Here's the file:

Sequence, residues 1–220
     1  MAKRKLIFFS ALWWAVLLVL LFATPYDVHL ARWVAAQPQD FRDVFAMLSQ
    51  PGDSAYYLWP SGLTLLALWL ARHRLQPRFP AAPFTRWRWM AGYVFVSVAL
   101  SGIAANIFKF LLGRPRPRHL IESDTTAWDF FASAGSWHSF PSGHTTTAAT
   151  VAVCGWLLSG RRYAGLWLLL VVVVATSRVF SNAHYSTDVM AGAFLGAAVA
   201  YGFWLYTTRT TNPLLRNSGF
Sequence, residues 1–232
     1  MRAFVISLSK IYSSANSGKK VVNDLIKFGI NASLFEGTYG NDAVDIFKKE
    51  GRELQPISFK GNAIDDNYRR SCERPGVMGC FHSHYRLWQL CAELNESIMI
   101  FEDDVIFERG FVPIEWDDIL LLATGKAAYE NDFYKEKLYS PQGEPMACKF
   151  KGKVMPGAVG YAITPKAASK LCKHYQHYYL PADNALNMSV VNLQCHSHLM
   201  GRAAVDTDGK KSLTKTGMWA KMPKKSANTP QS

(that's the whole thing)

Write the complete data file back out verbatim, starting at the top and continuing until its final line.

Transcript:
Sequence, residues 1–220
     1  MAKRKLIFFS ALWWAVLLVL LFATPYDVHL ARWVAAQPQD FRDVFAMLSQ
    51  PGDSAYYLWP SGLTLLALWL ARHRLQPRFP AAPFTRWRWM AGYVFVSVAL
   101  SGIAANIFKF LLGRPRPRHL IESDTTAWDF FASAGSWHSF PSGHTTTAAT
   151  VAVCGWLLSG RRYAGLWLLL VVVVATSRVF SNAHYSTDVM AGAFLGAAVA
   201  YGFWLYTTRT TNPLLRNSGF
Sequence, residues 1–232
     1  MRAFVISLSK IYSSANSGKK VVNDLIKFGI NASLFEGTYG NDAVDIFKKE
    51  GRELQPISFK GNAIDDNYRR SCERPGVMGC FHSHYRLWQL CAELNESIMI
   101  FEDDVIFERG FVPIEWDDIL LLATGKAAYE NDFYKEKLYS PQGEPMACKF
   151  KGKVMPGAVG YAITPKAASK LCKHYQHYYL PADNALNMSV VNLQCHSHLM
   201  GRAAVDTDGK KSLTKTGMWA KMPKKSANTP QS